In 2022, the Missouri Department of Corrections launched innovations that helped make life better for teammates, clients, incarcerated Missourians and the communities we serve. We deepened our commitment to staff training, wellness and mental health. We transformed facilities and streamlined services. We educated and inspired people inside and outside our work sites. We even united families. Here are just a few highlights:
1. We earned ANOTHER pay raise.
Missouri continues to invest in our team. Governor Mike Parson proposed and the Missouri General Assembly approved a supplemental budget bill giving all state government workers a 5.5% cost-of-living pay increase and ensuring an annual full-time salary of at least $31,200 for the corrections team. The new pay rate, which went into effect March 1, meant a starting salary increase of 34% for Correctional Officer I positions, 30.4% for office support assistants, and nearly 28% for records officers and district administrators since 2017. Over the last five years, the state has invested $113.7 million in corrections staff pay raises. In addition, the state reinstated and expanded the deferred compensation matching plan to boost staff retirement savings.
2. We fed fellow Missourians.
During the 2022 growing season, Restorative Justice gardens in state prisons yielded 40,927 pounds of fresh produce for donation to community food pantries, nutrition centers and other organizations. In addition to feeding the community, this year Moberly Correctional Center piloted the first offender garden, where volunteers grew fresh fruits and vegetables for peers to purchase in the canteen, with proceeds donated to nonprofits. At Fulton Reception & Diagnostic Center, offender organizations raised $1,643 to help local families affected by the end of the federal universal free school lunch program — enough to wipe out school lunch debt for students at two Fulton schools. Meanwhile, corrections staff events held in support of the Missouri State Employee Charitable Campaign (MSECC) raised money for the Food Bank for Central and Northeast Missouri. Corrections staff donations to MSECC totaled $122,646 — more than any other state agency.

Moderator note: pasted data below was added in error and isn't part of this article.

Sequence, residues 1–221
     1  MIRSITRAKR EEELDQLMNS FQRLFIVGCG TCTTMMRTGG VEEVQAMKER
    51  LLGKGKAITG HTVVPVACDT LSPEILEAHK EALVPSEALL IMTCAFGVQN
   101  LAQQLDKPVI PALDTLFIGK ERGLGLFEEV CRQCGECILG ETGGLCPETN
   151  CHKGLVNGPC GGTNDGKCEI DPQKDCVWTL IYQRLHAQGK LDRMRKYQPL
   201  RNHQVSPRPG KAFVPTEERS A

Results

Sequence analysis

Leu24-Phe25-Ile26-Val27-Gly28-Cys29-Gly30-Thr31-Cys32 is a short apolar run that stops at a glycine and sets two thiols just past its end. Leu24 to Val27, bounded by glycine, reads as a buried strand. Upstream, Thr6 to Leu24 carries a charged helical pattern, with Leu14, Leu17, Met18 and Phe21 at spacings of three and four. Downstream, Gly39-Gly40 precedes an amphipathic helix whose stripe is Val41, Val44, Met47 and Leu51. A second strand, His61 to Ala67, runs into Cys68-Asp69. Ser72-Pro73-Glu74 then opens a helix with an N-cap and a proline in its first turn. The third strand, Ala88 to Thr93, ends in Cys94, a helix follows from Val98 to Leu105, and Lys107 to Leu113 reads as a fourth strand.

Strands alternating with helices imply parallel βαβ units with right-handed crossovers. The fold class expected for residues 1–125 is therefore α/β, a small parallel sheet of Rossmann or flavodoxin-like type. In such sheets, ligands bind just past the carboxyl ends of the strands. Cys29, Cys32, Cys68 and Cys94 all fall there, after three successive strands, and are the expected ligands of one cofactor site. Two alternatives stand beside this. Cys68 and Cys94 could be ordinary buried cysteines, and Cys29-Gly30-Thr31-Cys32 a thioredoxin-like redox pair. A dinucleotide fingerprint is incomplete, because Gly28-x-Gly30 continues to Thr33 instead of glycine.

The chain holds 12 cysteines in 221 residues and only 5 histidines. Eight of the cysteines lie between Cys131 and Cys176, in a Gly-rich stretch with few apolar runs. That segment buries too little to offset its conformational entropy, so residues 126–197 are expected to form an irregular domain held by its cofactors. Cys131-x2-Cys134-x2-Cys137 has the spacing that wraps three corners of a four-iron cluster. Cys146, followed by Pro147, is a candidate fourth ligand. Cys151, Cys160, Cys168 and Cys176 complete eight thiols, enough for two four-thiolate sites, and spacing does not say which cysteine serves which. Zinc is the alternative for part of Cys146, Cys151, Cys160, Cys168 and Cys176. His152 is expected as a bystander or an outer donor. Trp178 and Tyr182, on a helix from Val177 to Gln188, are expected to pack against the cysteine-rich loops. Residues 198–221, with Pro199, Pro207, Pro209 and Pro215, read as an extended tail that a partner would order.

3. We got crafty for the community.
Through Restorative Justice programs that help incarcerated Missourians give back, offenders channeled their artistic skills into projects that benefit nonprofit organizations —through donation to recipients or fundraising auctions. Incarcerated craftspeople throughout the state created 55 Special Olympics trophies; 12,721 sewing and crocheting projects; 520 quilts, blankets and afghans; 487 woodworking projects; 253 paintings and murals; 10,543 sets of KidSmart educational materials; and 1,115 miscellaneous projects. In addition, offender-led fundraisers generated more than $17,050 in monetary donations. The more than 160 recipient organizations serve Missourians in areas such as education, child development, elder care, mental health, emergency shelter, crime prevention and more.
4. We saved lives.